Art Spotlight: Zorki-4

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About me

Hi, I’m Marek Polívka (Sketchfab, ArtStation) and I’m a 3D artist from Czechia. I mostly enjoy making various hard-surface things: mostly military vehicles and weapons but I like to occasionally try something different like this Zorki – 4 rangefinder camera.

I was always drawn to 3D in some way. I started out building plastic models of planes and tanks, then I spent quite a bit of time in Minecraft building large-scale models of things and finally a course at an IT university I attended properly introduced me to Blender. Beyond that, though, I’m mostly self-taught.

marek polivka tiger tank

A Tiger I started in Minecraft but never finished (more screenshots here)

In the beginning, I luckily stumbled upon Notre Game, a small Czech studio working on Scratch Wars who gave me a chance to start out in the game development industry. After that, I moved on to WarFriends from About Fun. During my stay there I started working on Post Scriptum in my free time where I eventually started working full time (mostly on Plan Jaune and Day of Days) and finally, I joined Bohemia Interactive where I now work on a project that is yet to be announced.

Why this camera

I’ve been working on larger models at work that take a lot of time to finish and it started feeling somewhat monotonous. This caused me a creative itch I just had to scratch and I had to scratch it quickly.

I wanted to try something with materials I could play with that I haven’t properly done before. I wanted something that would take me a week at most to finish, I wanted it to look cool and I wanted to relax while making it.

I started looking into Soviet-era fighters (like the Mig-21) and American WWII bombers because of their unusual metallic finish and rivets. However, I always try being as accurate as possible so I probably wouldn’t let myself finish a model without a somewhat complete landing gear or other details. Those wouldn’t fit into the desired time frame.

Next, I wondered about a small tank with slightly fewer details than what I usually do to try some new approaches to the damage, weathering, etc. I almost settled on a Wiesel AWC but the complexity of the autocannon seemed daunting. It was not the relaxing task I had envisioned.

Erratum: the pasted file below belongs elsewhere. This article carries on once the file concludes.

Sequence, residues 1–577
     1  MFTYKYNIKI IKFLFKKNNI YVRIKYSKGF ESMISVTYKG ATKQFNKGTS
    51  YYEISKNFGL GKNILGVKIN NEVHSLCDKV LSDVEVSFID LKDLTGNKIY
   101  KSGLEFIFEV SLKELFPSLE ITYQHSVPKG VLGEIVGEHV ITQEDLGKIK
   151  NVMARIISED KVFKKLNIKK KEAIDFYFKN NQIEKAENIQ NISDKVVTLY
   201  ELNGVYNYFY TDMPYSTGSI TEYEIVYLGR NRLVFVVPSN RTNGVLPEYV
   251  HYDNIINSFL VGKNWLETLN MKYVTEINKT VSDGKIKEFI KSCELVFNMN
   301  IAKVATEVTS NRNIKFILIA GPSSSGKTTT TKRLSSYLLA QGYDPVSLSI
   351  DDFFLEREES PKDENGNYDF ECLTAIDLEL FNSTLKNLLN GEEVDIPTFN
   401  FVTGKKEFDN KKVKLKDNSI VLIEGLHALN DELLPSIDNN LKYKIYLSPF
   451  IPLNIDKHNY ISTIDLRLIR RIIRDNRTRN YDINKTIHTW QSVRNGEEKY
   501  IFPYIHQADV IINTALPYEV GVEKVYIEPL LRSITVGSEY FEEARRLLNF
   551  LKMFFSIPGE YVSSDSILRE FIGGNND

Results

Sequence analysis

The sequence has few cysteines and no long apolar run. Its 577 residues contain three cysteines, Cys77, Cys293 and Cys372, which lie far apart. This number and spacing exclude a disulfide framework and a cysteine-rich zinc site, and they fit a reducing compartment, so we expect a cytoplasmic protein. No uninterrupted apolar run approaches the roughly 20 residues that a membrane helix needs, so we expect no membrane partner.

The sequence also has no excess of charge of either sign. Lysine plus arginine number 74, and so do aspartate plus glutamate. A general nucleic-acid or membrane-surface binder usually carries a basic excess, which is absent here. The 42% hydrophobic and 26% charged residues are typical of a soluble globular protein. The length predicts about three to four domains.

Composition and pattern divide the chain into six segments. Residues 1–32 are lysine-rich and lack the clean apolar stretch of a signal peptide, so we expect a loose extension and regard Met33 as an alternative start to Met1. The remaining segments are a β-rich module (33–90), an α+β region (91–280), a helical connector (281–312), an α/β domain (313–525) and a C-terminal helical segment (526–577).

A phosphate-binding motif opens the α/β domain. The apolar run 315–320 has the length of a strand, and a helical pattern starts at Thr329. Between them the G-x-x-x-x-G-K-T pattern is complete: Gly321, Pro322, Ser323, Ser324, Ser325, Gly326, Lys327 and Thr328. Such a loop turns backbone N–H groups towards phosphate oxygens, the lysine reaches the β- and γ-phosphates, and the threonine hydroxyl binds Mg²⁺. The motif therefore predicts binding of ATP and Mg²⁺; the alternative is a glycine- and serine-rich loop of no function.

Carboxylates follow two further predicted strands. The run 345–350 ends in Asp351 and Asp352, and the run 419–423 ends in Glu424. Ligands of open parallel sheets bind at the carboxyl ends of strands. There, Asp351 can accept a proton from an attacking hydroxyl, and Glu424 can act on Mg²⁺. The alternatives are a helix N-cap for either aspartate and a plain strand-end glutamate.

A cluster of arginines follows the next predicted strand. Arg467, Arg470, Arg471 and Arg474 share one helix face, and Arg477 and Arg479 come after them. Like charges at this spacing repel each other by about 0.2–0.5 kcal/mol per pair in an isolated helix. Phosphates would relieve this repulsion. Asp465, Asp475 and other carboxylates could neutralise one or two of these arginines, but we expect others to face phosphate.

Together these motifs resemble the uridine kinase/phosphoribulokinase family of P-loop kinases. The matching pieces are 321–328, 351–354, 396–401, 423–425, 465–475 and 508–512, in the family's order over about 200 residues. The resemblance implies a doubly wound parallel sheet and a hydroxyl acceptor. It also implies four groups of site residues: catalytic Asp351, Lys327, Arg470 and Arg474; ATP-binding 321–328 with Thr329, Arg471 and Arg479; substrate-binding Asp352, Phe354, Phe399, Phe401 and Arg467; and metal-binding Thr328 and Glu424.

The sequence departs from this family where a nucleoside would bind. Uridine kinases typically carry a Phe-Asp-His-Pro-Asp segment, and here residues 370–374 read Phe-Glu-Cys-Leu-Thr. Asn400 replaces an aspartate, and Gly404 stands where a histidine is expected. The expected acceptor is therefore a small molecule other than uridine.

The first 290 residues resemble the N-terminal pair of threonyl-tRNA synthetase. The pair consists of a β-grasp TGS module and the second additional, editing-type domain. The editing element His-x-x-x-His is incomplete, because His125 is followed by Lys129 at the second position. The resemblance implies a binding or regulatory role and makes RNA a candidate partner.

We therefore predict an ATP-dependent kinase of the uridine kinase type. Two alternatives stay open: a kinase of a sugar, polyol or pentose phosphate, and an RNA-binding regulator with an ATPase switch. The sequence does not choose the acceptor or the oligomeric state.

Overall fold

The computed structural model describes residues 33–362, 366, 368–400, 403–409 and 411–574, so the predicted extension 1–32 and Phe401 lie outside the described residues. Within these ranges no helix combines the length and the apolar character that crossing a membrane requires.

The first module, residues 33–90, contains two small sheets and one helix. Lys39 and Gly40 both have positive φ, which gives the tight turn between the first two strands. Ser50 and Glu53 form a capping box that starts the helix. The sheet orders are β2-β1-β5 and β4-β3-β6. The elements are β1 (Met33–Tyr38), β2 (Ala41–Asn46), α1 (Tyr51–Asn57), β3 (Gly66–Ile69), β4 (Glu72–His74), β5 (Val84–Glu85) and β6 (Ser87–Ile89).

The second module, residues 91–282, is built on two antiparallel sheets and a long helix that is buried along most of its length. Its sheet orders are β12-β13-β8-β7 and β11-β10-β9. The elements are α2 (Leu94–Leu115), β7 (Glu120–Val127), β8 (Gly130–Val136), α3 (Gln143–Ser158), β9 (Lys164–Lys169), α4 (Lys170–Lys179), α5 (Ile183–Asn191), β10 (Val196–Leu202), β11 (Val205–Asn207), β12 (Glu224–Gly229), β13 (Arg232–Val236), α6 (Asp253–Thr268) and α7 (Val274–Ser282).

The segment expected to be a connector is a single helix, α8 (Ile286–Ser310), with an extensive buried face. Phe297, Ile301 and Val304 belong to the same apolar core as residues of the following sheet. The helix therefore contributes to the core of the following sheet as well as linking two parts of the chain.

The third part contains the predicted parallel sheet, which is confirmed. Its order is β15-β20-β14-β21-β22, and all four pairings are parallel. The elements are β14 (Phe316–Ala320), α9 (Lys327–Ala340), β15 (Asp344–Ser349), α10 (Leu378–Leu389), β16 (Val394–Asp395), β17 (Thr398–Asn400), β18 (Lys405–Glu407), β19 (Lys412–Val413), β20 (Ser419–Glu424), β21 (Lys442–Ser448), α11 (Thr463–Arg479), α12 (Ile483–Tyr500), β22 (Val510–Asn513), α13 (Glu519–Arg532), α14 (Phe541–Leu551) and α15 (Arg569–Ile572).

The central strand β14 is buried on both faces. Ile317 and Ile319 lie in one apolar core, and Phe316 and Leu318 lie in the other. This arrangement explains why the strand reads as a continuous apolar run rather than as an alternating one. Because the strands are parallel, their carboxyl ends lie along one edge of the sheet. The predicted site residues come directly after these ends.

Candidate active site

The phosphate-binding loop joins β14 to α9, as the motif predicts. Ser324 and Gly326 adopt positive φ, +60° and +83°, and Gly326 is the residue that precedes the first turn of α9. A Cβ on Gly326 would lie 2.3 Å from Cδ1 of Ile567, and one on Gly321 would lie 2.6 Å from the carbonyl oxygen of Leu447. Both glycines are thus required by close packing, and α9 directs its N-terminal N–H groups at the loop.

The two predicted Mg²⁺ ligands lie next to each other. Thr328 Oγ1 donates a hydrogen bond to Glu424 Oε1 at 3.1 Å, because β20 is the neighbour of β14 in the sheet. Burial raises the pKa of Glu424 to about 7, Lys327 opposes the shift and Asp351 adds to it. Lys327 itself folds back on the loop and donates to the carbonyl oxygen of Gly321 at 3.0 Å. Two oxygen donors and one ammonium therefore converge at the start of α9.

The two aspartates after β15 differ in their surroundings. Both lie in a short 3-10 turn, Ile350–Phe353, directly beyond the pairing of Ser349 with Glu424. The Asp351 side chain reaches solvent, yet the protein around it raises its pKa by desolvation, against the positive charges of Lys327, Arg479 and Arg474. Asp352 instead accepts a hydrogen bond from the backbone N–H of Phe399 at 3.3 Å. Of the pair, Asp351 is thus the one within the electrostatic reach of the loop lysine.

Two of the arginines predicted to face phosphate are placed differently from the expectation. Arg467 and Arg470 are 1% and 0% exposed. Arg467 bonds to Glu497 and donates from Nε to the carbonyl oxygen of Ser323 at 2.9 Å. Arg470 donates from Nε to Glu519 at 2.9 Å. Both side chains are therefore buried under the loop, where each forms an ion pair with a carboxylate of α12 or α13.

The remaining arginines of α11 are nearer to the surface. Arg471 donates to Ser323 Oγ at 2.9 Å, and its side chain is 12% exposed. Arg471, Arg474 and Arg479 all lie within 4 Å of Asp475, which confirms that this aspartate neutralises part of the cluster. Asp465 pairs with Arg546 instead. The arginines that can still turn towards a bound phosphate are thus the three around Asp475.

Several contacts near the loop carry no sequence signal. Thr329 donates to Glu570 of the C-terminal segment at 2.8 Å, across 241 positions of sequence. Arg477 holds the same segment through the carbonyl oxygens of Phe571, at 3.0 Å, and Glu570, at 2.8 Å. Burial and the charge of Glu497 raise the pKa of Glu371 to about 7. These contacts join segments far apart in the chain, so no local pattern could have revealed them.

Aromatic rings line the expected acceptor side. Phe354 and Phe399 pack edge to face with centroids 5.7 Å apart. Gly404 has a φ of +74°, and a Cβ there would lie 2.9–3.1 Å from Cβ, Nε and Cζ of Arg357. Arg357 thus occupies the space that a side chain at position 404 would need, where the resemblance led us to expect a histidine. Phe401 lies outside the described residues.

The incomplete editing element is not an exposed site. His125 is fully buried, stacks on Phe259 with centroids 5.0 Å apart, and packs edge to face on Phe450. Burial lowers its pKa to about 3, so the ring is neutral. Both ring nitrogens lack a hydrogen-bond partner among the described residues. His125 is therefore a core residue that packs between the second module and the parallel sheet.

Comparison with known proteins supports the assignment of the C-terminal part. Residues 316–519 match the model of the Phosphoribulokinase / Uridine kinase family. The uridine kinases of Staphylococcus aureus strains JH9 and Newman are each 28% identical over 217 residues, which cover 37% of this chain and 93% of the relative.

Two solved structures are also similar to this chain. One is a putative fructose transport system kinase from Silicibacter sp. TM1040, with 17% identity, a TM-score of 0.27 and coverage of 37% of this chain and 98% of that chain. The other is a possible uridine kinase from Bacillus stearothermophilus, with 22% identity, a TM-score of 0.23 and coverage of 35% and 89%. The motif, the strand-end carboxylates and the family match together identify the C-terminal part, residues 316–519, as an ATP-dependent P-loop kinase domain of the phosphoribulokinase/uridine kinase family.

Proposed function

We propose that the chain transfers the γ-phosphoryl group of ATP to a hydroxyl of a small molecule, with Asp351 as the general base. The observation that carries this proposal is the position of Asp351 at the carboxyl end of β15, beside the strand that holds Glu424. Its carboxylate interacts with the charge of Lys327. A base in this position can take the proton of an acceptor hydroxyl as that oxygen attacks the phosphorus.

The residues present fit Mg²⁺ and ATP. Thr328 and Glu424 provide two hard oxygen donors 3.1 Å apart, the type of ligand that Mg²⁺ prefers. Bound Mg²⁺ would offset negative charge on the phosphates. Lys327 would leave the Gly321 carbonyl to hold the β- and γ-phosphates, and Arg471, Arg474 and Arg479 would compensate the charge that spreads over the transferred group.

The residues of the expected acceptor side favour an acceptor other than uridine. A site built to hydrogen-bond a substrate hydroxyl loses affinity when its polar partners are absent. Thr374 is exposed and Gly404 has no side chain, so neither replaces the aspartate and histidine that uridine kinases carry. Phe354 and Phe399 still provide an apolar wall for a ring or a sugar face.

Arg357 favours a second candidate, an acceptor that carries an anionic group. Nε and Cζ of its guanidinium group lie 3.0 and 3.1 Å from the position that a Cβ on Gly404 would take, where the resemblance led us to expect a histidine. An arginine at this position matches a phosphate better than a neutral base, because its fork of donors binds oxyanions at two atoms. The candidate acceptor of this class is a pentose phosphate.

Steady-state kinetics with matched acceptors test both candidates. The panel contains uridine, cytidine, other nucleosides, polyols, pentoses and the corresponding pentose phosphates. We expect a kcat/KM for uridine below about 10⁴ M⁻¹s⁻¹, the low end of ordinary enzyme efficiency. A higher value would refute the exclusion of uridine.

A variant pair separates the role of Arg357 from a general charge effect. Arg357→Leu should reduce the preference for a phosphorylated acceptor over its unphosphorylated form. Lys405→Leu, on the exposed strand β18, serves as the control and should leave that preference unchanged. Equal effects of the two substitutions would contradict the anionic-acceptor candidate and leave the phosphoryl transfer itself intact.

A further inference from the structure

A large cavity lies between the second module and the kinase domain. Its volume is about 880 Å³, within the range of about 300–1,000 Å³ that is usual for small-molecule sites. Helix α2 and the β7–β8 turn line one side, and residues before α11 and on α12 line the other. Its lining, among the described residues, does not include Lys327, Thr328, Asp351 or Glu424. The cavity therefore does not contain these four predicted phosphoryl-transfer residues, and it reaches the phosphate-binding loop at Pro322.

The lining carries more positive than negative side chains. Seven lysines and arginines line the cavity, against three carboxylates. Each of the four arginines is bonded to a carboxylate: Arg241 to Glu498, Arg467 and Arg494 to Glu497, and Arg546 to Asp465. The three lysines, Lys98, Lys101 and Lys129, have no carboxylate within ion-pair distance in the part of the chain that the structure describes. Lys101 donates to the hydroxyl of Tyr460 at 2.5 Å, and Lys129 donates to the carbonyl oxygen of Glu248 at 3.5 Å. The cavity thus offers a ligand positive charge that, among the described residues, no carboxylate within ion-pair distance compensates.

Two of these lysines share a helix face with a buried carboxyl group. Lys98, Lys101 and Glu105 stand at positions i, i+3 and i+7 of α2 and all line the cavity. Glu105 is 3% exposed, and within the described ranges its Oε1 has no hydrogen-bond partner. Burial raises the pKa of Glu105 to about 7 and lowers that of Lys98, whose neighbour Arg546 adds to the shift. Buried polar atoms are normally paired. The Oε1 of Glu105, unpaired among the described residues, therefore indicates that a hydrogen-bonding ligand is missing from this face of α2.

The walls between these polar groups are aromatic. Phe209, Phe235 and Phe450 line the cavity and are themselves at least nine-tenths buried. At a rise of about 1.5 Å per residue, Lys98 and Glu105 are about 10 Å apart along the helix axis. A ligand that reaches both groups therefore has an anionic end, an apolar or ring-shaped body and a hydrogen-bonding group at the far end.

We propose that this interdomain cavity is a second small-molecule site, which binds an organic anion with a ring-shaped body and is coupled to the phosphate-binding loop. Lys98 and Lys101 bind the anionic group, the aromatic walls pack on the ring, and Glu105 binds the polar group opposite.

I then started thinking about smaller things. Looking at some rifles, I thought of some cool optical sights and through that, I got back to planes. I thought since Polikarpov I-16 fascinates me and I’d like to model it at some point, I could start with making its gunsight, the PAK-1 since it has nice details, interesting materials, and wouldn’t take too long to make.

The problem with this sight, however, was the lack of easily findable references. I wanted to do something like that though. Something precise and ideally vintage. I started thinking about old cameras and after a while, one photo caught my eye.

I saw the weathering on the lens, the elegant Cyrillic name of the camera, the beautiful vintage aesthetic, and I felt a need to recreate it, so I finally got to work.


Modeling was fairly straightforward and all done in Blender. I approached it like any other high poly version of a model for a game, keeping the subdivision modifier in mind. That means, support edges everywhere!

Here’s a short tutorial:

  1. Set up some blueprints (or photos that are close enough to blueprints)
    zorki-4 blender setup
  2. Make a rough shape of the body
    zorki-4 blender blockout
  3. Model the rest of the camera
    zorki-4 blender mesh

It’s difficult to describe my approaches to modeling. They’ve become natural to me and I don’t really think about them anymore. Trying to describe them would produce a much longer article and I’d have to start a new model with the express purpose of writing that tutorial. Maybe some other time.


This was the most fun part. I got to try creating some high-res materials since I don’t model small things very often. I started in Inkscape, preparing various bits that would look bad if I tried recreating them by hand. It’s often nice to prepare them in a vector graphics software.

zorki-4 alphas

Masks and alphas prepared in Inkscape

zorki-4 inkscape markings

Jupiter – 8 lens markings prepared in Inkscape

Next, I set up the fabric. I started with a default Substance Painter material, created the pattern by mixing the variously blurred stripes pattern, and some noise textures.

zorki-4 texture

Then I prepared the brushed metal material for the lens and the knobs. I started with one of the default steel materials in Substance Painter and added some brushing, color variation, and other weathering.

zorki-4 lens texture

The other materials were somewhat more standard for me. The main material on the body is a slightly blue metal with a noise texture dealing with the grain + some basic scratches, and the dark metal is made a little uneven through a grunge texture + some hand-painted damage.

The Final Piece

And some Cycles renders:


I’m quite happy about this. I achieved what I set out to do, it made a pleasant distraction from the big projects at work and it has pushed my skills a little bit.

Thanks for reading and thanks to Sketchfab for noticing and featuring my work.

About the author

Marek Polívka

3D hard-surface artist

1 Comment

  • Anatol says:

    I`m in agony of utter delight!
    I`ve been using Soviet cameras and this one looks real indeed.
    Great work.

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